Monday, March 12, 2018

Reading US History Inerrantly

A painting of George Washington at Mount Vernon, with slaves working in the background. Image source.
[content note: racism in US history]

I'm going to do a blog series on James Cone's book The Cross and the Lynching Tree. It's about the US's history of anti-black violence and the ways that black people have found inspiration and courage in the story of Jesus' crucifixion.

Before I actually get to talking about the book, I want to say something about the history I learned in school. The facts about slavery, Jim Crow laws, lynching, and the Civil Rights movement were covered. There were diagrams of how many people got crammed onto ships and brought from Africa, and shocking statistics about how many died. We read graphic accounts about beatings that slaves suffered. There were novels about heroic characters who escaped from slavery. We learned about the various laws to stop black people from voting- sneaky stuff like literacy tests and grandfather clauses. There were articles about how "separate but equal" really wasn't equal at all. We learned about protests during the Civil Rights movement- sit-ins and boycotts and the March on Washington- and the laws that were passed that finally guaranteed equal rights for black Americans.

So I knew all those facts. But I didn't really *get* it.

Because there was something else I learned too: American exceptionalism. Adults told me "this is the greatest country in the world." We have more freedom and democracy than any other country. The founding fathers were Christians and America was founded as a Christian nation. And they did such a good job writing the Constitution- such perfection, 3 branches of government, checks and balances, ingenious compromises between delegates from large and small states. It's so good that it's used as a model for other democracies all over the world.

The "big picture" I believed was that the US government, in its original form as laid out by the Constitution, was perfect. And, you know, throughout history there have been some bad things that have happened, but those are exceptions. My concept of "the United States is the greatest nation because it's a Christian nation built on principles of freedom and equality" was never really challenged.

Or was it? I remember on more than one occasion, a history teacher saying "you know back when this country was started, they had slavery, and women couldn't vote, so when they said 'all men are created equal' they really just meant white men who owned land." I remember one lesson where we discussed this hypothetical: Imagine aliens visited earth during the Civil War, and then visited again a few years later during Reconstruction. Based on what they saw during the Reconstruction era, which side would they conclude had won the war? (The answer is the South, and if you're wondering why, go and learn what happened during Reconstruction.) I remember when our history teacher told us that ending slavery wasn't really a priority for Lincoln; he wanted to keep the country together more than anything else- he didn't really believe in equality for black people. Little hints where it was pointed out that this big American ideal of equality wasn't really equality for everyone.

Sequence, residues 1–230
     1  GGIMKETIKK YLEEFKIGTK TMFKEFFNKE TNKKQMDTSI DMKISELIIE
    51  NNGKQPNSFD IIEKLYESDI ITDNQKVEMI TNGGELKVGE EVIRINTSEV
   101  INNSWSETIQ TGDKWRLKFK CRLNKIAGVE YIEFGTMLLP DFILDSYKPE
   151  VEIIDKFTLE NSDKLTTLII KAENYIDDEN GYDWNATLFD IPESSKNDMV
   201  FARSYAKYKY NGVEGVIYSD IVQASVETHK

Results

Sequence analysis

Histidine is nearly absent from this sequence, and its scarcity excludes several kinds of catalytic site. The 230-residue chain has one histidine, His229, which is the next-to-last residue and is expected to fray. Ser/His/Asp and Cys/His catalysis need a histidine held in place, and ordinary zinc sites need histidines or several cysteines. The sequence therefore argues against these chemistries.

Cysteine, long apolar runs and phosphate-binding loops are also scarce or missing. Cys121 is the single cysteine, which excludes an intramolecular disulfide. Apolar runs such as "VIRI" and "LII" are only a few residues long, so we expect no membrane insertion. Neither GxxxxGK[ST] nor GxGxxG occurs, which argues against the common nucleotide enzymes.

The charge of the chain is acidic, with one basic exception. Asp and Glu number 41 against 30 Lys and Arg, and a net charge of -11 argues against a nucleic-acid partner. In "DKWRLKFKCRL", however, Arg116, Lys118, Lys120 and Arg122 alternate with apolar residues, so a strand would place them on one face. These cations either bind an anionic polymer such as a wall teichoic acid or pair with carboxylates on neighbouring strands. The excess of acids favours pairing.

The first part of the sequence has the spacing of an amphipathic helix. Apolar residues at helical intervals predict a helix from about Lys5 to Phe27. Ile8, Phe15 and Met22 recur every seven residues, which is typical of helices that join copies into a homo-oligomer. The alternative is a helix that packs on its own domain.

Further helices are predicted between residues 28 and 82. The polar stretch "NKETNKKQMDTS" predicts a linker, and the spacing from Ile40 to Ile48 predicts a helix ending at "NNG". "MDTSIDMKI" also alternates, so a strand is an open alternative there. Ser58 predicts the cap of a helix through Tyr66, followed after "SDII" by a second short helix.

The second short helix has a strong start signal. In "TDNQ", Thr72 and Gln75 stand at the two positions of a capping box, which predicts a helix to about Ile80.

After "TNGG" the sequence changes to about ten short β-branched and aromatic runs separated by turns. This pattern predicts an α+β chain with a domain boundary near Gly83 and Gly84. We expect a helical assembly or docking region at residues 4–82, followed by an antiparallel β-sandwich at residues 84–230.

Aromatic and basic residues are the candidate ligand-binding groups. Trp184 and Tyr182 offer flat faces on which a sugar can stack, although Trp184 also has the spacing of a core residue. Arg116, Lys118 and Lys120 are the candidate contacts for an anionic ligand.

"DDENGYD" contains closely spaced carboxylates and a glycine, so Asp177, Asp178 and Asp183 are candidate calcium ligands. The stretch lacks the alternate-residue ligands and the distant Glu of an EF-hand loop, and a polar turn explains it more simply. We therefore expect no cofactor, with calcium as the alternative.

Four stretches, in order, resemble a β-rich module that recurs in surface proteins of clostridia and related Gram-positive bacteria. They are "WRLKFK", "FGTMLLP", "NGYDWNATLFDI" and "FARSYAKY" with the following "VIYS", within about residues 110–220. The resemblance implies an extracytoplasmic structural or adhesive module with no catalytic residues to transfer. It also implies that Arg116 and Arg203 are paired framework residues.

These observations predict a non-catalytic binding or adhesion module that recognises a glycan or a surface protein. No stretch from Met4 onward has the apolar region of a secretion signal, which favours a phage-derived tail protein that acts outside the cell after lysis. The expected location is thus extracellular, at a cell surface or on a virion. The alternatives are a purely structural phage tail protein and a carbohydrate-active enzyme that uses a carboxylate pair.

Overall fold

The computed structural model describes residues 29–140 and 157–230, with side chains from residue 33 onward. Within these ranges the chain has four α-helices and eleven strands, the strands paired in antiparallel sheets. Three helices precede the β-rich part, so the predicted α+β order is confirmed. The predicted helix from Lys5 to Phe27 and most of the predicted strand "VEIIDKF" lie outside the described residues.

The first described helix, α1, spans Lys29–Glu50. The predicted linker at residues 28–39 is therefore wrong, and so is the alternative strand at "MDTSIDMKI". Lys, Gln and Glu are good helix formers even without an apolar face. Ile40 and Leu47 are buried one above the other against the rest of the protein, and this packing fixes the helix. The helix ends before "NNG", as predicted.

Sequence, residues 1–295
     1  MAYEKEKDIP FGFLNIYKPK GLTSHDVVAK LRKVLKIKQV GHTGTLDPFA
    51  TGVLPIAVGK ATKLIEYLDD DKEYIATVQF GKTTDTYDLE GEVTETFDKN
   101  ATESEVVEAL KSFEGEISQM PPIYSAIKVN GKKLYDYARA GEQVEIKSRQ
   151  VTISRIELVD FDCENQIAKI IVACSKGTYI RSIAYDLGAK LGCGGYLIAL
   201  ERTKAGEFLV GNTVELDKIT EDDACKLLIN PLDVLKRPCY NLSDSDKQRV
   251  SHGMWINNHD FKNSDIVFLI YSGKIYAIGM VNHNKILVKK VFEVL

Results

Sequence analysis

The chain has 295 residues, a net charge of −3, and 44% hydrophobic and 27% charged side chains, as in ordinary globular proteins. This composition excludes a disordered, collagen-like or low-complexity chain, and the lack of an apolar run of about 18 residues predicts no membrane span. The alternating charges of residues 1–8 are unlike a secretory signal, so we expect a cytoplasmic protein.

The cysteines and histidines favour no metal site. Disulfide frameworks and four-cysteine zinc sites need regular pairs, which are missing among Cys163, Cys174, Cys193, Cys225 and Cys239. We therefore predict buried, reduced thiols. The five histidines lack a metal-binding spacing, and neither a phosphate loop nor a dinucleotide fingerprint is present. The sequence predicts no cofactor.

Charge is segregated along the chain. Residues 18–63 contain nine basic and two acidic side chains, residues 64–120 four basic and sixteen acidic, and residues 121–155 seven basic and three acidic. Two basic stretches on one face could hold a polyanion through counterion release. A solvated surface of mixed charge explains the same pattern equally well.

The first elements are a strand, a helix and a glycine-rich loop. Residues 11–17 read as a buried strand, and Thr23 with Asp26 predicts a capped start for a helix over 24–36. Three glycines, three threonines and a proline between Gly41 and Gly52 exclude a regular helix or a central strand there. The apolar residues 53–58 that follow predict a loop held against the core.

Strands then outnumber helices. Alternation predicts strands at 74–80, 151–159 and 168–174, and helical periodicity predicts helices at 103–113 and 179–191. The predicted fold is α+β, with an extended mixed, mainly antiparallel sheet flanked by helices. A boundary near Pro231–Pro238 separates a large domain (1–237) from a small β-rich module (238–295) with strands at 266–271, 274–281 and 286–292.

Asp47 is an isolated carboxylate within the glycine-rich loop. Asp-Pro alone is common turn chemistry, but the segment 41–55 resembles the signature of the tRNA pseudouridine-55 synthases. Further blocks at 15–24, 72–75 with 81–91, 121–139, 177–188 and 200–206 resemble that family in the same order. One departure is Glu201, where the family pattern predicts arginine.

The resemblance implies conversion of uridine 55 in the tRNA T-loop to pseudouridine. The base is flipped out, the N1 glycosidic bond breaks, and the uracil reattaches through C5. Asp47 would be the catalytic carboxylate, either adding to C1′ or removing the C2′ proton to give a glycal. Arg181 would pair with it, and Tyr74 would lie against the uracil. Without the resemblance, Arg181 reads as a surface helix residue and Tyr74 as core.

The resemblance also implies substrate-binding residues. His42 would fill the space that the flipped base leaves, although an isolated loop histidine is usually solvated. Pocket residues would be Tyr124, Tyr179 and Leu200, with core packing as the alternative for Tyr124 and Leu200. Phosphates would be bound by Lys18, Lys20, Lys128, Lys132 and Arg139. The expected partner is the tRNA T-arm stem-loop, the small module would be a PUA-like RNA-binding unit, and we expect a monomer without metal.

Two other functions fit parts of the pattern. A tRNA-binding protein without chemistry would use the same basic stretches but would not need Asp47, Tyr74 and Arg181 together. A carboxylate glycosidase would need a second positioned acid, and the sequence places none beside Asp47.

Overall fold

But still, there was nothing that ever caused me to seriously question that whole "the US is better than any other country because we have FREEDOM." There was a lot of conservative Christian propaganda about how the founding fathers did everything right and they were led by God, and how our country has totally gone downhill from there. 

I'm just now realizing that that's an EXTREMELY RACIST thing to believe.

I remember in middle school history class, at the beginning of the school year we took a quiz to see how much we already knew. One of the questions was "True or false: The Constitution allowed slavery." I wasn't sure on the timeline- slavery was a thing that happened a long time ago, and the Constitution was a thing that was written a long time ago, but I didn't know which was first. But I was certain that the founding fathers were guided by God to write a uniquely perfect and completely good document. So I figured, no there's no way the Constitution could have allowed slavery. Surely that was added later by bad people.

(For those of you following along at home, the answer is yes, the Constitution allowed slavery. Until the 13th Amendment came along in 1865.)

Then there was the time we learned about the compromises that went into making the Constitution. How the founders were so intelligent and came up with such good solutions that took into account arguments made by delegates from all the states. There was the Great Compromise- which said that representation in the House would be based on each state's population, and in the Senate each state would have 2 senators. Wow wasn't that such a good idea- then the large states and small states were both happy. How wonderful. And there was the Three-Fifths Compromise, which said that when counting state population for the purposes of representation and taxes, slaves would be counted as three-fifths of a person.